As expected, many lessons were learned and will go towards making next year's tournament better for all the players and spectators. We hope to attract some major corporate sponsorship with a possible increase in the TV coverage for next year and have already begun talks with a potential sponsor over naming rights for the Tournament.
We have received some serious interest for entries from the USA and Canada for both men's and women's teams. Our sister Association, the Southern Counties Women's Lacrosse Association, has agreed to join the organisation and this should ensure a top class Women's event.
With no international Men's events competing next year we hope that the abundance of highly competitive German, English, and other European teams will see the London Tournament as a chance to get some high standard competition. To encourage and facilitate this, a website will go live soon for the 2005 tournament featuring English and German versions and offering more convenient payment methods for the European teams while still offering credit card options for the North Americans.
The London women provided two excellent demonstration games which laid the foundations for a women's tournament next year. With the Women's World Cup happening in Annapolis, Maryland in the US during the same relative time period in 2005, the tournament will rely on club teams to organize and come, perhaps without some of their best players, BUT how exactly does one improve to become one of the best players? Play EVERY Summer tournament you can!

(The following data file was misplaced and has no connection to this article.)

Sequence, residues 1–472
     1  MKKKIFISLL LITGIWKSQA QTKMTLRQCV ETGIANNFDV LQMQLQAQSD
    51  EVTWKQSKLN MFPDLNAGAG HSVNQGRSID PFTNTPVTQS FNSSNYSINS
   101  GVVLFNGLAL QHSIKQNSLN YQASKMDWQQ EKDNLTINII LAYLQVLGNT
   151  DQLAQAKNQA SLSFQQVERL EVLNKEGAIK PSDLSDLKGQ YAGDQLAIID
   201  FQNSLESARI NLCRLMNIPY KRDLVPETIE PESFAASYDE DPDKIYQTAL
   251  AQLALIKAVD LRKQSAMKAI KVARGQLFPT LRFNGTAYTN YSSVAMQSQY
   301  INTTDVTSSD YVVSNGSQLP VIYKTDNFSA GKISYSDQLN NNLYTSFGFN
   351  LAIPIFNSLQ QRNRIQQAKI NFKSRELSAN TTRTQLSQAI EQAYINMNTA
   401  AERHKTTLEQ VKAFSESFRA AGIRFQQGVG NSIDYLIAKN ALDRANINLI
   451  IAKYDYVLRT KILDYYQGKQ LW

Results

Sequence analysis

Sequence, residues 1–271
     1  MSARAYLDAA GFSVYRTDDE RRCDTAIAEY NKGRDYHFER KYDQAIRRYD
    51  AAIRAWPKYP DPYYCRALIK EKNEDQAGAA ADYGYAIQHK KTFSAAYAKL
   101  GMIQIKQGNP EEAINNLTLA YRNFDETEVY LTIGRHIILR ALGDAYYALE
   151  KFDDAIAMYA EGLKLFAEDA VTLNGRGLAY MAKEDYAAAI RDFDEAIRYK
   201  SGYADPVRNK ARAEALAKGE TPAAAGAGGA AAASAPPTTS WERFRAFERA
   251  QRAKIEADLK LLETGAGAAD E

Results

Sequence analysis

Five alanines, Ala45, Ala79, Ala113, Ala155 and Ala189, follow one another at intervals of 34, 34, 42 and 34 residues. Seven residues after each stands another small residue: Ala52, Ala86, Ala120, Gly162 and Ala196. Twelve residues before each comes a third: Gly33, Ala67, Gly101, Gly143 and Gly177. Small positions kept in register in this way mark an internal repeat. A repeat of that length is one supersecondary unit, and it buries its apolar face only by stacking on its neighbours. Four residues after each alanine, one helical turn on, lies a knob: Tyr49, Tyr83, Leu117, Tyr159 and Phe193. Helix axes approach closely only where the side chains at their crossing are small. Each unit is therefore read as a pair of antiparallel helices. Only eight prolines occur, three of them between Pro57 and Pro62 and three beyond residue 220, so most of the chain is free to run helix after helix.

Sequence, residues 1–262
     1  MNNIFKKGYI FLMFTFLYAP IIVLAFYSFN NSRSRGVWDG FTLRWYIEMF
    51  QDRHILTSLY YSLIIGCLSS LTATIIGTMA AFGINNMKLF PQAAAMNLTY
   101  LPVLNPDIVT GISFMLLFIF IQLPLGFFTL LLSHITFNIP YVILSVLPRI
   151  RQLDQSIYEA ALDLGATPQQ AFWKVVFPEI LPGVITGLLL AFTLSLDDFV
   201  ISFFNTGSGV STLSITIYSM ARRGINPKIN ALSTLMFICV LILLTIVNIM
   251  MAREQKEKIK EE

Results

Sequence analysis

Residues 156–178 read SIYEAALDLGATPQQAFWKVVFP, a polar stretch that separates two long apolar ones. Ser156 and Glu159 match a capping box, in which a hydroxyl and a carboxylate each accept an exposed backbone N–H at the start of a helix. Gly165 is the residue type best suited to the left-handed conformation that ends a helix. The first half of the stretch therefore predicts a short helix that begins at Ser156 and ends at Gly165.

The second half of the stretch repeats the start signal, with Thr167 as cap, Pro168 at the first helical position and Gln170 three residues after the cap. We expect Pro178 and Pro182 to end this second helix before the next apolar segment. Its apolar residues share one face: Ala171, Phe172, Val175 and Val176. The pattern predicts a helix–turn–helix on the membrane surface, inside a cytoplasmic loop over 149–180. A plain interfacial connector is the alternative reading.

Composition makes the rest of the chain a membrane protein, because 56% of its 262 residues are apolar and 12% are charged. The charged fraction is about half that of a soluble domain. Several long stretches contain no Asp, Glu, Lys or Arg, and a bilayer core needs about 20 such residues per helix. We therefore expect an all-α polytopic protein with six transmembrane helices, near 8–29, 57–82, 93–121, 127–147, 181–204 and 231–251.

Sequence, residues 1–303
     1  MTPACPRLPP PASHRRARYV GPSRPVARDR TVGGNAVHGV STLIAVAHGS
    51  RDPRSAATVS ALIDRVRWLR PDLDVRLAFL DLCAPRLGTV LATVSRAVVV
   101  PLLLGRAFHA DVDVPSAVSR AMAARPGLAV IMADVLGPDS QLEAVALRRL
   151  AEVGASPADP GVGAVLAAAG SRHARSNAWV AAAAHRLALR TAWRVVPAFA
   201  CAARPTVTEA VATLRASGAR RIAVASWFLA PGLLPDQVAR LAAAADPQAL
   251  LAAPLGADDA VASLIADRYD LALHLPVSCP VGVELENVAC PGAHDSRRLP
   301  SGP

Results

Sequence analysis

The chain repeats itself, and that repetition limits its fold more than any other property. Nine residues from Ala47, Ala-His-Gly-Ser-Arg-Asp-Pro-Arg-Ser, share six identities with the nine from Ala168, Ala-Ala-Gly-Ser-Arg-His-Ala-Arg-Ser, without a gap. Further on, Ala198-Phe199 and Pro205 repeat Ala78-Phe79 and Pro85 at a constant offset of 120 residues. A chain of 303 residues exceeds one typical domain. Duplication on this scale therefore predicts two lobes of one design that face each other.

The social side of the Tournament will be better developed next year in anticipation of more overseas visitors. The venue will probably be Battersea Park again as the location and staff were first class.
All we need now is for you to spread the word and to enter or join a team for the 2005 London Tournament! The dates will be announced very soon on E-Lacrosse!
Trevor Rogers (left), here with Tournament Chief and UKLacrosse Keeper Paul Terry is the President of the South of England Men's Lacrosse Association (SEMLA).
A Great Picture: Matt Speno (right) is an old friend that just showed up in London to play. The other four are Army Helicopter Pilots straight from Iraq. They needed a lacrosse fix and we were only too happy. Look at the guns on the guy at the far left. He never played lax before but jumped in on D and loved it.
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Apologies to Gin & Juice and LaxWorld Teams. Half of the video tapes from London were lost in luggage by our staff on travel.